First off congrats to all the Canadians. It was a Canada-strong day with Emily Batty and Catharine Pendrel finishing 1-2 in the Pro women and Norco Factory teammate Haley Smith finished 12th. Raphael Gagne and Max Plaxton went 1-2 in the Pro men and teammate Peter Disera 30th.

Saturday came around quick and the first UCI(International Cycling Union) sanctioned race in the US was upon us. There were over fifteen nations represented and a field of over 100 men. It was a blistering hot day around ~35 C. People almost melted out there.

On a personal note it was an all right race, a very tough race.  With not being at full strength it is hard to know how much it affected me, though I was able to ride with everything I had on the day and turn it into a positive race. Not being able to go over the red zone on the first lap allowed me to settle in and ride a steady race while I picked off guys who may have paid for early efforts in the heat. Finishing 26th in far less than what I expect of myself, especially with my current form, but when I look at the big picture and how I rode the race, it was all I had, gave my all and its only March. It’s crazy to see how people didn’t even get to start the last lap because they were pulled after not racing within 80% of the winners time. It’s a positive to know that on a day when not at your current potential, you can still ride fairly strong.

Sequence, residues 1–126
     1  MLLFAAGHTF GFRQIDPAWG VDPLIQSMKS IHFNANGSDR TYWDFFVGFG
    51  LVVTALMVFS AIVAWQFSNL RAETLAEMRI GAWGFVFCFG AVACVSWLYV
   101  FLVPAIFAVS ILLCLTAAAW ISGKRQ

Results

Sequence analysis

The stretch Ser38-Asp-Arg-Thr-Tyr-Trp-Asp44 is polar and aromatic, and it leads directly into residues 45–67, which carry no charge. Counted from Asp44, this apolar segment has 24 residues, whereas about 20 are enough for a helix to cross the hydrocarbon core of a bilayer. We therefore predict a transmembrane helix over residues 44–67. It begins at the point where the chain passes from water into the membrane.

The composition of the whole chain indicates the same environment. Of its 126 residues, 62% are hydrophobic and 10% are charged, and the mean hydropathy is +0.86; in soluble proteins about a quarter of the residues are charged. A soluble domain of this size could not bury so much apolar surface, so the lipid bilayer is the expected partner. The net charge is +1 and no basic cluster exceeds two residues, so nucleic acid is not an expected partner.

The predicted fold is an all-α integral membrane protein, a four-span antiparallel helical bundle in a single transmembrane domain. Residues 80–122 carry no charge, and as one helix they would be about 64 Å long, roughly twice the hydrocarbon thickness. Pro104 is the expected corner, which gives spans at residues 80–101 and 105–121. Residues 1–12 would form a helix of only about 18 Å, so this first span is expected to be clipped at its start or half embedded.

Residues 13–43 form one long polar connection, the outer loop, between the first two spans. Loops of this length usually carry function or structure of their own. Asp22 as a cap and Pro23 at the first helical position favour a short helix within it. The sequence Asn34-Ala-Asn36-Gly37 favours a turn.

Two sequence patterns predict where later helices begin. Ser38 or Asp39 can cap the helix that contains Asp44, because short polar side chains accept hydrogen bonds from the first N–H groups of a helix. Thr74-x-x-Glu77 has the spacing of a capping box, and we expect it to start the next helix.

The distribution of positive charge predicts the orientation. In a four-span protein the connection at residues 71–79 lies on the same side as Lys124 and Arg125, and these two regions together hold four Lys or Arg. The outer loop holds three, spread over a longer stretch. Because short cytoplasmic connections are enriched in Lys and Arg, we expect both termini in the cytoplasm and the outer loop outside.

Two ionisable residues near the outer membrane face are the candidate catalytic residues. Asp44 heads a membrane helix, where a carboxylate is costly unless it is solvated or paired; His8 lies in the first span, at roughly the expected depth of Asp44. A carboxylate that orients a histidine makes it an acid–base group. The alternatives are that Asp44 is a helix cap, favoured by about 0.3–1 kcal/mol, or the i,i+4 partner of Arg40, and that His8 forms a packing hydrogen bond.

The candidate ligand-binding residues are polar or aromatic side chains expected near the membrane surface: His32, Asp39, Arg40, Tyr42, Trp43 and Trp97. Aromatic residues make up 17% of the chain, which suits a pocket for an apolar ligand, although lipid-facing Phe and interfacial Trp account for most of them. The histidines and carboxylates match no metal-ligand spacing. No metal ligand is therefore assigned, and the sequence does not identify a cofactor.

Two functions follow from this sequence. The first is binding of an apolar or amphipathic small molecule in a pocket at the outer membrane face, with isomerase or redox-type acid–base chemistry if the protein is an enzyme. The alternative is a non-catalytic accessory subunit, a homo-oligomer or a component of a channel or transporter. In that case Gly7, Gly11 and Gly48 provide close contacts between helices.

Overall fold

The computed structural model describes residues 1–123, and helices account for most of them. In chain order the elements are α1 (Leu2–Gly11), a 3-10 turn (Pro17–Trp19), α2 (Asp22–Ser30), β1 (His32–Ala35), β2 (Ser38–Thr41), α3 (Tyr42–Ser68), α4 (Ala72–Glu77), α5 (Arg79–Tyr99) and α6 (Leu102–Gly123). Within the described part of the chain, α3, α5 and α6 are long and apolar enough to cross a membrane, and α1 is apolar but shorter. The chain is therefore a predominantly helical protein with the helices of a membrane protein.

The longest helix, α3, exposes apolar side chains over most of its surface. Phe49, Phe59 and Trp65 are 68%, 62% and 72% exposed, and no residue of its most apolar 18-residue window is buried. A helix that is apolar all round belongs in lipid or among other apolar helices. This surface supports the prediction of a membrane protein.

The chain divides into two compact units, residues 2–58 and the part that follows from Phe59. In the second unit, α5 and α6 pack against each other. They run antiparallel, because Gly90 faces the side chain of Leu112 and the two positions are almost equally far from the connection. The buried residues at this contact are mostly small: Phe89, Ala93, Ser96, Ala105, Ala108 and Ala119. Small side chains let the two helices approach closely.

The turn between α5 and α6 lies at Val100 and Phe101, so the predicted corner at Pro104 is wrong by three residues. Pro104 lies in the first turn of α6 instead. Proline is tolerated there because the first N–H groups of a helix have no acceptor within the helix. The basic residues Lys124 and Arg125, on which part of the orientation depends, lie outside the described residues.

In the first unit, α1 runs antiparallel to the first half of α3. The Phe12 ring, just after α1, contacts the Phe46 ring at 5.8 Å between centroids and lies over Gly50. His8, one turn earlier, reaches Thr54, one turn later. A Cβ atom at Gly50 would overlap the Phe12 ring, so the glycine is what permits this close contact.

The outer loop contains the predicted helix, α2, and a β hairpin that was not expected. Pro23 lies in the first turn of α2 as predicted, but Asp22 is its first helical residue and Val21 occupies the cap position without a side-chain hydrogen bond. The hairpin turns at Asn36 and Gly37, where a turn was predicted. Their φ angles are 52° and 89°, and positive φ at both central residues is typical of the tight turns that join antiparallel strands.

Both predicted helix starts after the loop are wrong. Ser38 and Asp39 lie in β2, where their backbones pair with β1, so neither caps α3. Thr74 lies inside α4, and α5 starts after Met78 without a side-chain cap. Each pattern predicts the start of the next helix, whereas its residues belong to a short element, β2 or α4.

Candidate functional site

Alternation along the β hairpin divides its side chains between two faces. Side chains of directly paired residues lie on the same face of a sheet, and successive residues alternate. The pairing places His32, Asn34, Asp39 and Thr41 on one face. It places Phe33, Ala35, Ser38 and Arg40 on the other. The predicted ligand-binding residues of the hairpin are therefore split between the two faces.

Instead of taking part in the Sunday short track cross-country race, I opted to train and recover for better luck this coming weekend at the Fontana City US Cup. My buddy Mckay, who is probably the fittest downhill racer I know, took part in the Pro Men Super D on Saturday evening(which he won!) and his first cross-country race on Sunday morning. He raced category 2 19-24 age group cross-country race, which he also won(!) – a major accomplishment and something I was excited to have watched after training with him a lot this year. I think maybe a split DH/XC racer might be in order…

Report from










All photos by: Chris Vezina –


“Let’s all be friends”

‘Tis is the time of year where the snow flies and we transition to winter sports in order to keep fit. Just before the being snow came down I was able to get out for an awesome day of riding with local DH ripper, Anthony Evans, and we drifted berms and had a grand ‘ol time.


Keep a eye out in the future with some blogs on “Let’s all be friends”. I’m trying to showcase how cross-country and downhill/freeride/enduro can all ride and train together for the benefit of both parties. We both posses skills that the other disciplines could use, so why not help each other out and be friends!


We all have a passion for riding bike, so let’s share that passion!!


Photo’s by: Mike Kirk